The Burgess Plant in Berlin, which also produces electricity by burning wood, sells its output to Eversource under an expiring purchase power agreement approved by the Public Utilities Commission. The bottom line is the same for Burgess and all of these New Hampshire-based renewable energy generators — they are at significant risk of closure because of low wholesale electricity prices.

According to the Timberland Owners Association of New Hampshire, the seven biomass plants alone provide 1,152 jobs, which are either direct jobs at the plants or jobs in the forest products industry supplying the renewable fuel, wood. Additionally, 2,593 jobs could be impacted in the sawmill industry in New Hampshire as these facilities need a place to dispose of wood waste from their operations. The economic activity related to the seven biomass plants is nearly $320 million and the economic activity of the sawmills is almost another $450 million.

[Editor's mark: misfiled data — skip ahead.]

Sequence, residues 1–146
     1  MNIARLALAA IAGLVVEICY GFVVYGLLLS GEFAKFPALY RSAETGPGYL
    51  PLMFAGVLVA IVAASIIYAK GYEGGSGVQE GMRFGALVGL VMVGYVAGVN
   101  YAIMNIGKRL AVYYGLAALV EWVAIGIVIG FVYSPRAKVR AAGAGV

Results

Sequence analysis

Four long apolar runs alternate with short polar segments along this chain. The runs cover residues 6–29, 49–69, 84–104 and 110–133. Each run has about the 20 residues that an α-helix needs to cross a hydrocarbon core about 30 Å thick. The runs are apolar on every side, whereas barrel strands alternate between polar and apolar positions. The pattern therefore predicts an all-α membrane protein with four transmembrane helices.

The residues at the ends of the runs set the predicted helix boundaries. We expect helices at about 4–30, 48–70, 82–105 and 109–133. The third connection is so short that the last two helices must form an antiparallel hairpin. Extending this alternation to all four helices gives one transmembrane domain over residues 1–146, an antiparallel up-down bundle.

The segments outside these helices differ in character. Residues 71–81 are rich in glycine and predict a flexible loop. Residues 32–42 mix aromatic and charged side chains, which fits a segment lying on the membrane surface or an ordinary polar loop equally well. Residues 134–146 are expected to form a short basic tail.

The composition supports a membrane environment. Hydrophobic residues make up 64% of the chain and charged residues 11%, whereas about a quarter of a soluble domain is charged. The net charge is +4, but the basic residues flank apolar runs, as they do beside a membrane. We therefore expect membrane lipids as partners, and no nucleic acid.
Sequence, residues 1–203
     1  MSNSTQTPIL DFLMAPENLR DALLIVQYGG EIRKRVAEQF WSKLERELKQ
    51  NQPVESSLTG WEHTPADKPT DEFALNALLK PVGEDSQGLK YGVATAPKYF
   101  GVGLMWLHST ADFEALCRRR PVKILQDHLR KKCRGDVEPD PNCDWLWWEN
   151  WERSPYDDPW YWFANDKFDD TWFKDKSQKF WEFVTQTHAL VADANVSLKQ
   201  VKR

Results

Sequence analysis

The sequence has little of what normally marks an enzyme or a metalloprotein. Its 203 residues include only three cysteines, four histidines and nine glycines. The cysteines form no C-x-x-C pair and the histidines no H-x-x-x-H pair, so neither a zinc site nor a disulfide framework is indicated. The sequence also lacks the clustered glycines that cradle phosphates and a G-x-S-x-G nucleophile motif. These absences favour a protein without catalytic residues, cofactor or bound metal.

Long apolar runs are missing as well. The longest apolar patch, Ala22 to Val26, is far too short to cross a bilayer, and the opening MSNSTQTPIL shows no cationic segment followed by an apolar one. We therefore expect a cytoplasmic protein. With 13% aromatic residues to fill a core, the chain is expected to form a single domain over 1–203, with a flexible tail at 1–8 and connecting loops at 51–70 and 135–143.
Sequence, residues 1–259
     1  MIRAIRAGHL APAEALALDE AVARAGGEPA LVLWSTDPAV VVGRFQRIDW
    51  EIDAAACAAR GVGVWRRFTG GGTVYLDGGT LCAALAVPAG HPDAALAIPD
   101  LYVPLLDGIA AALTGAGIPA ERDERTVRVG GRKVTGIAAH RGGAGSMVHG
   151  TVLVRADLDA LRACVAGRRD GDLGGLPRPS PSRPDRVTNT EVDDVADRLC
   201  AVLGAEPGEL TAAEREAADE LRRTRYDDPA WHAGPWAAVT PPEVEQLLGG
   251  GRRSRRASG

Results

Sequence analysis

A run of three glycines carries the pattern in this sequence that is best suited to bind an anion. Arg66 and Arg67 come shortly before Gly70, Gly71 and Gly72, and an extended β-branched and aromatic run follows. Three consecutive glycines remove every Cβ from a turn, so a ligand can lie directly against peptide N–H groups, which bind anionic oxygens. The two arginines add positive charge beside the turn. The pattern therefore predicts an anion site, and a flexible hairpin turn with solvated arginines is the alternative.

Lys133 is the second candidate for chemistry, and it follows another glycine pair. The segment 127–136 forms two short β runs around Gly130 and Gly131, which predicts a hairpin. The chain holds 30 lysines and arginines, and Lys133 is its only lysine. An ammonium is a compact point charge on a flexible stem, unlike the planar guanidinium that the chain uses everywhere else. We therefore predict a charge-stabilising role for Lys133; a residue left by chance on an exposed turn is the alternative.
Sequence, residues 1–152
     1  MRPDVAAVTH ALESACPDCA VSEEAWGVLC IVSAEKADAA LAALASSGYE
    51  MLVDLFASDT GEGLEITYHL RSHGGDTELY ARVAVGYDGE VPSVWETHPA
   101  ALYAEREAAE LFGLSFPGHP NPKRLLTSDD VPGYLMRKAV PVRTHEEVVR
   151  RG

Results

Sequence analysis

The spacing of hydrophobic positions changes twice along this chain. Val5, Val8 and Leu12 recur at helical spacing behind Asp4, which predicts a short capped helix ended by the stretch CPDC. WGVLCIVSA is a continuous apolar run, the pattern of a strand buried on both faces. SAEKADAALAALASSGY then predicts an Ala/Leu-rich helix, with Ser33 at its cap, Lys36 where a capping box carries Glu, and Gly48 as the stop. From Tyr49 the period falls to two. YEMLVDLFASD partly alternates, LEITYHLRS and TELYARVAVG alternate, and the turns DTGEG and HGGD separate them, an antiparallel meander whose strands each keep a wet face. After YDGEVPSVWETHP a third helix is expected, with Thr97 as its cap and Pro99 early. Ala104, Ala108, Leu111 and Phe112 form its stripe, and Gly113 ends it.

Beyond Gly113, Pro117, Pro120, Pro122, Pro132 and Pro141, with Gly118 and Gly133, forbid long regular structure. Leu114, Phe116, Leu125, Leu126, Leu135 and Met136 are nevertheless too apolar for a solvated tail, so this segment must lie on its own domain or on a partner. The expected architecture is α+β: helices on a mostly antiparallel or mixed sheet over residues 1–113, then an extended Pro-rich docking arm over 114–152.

New Hampshire’s many small hydroelectric facilities are spread throughout our state and provide electricity, flood control, property tax revenue and jobs. Were the Wheelabrator facility to close, a number of central New Hampshire towns could expect higher solid waste disposal costs, increasing property taxes. Additionally, closure means loss of a critical way of safely disposing of unused prescription drugs at Wheelabrator that come from drug take back programs administered by law enforcement agencies.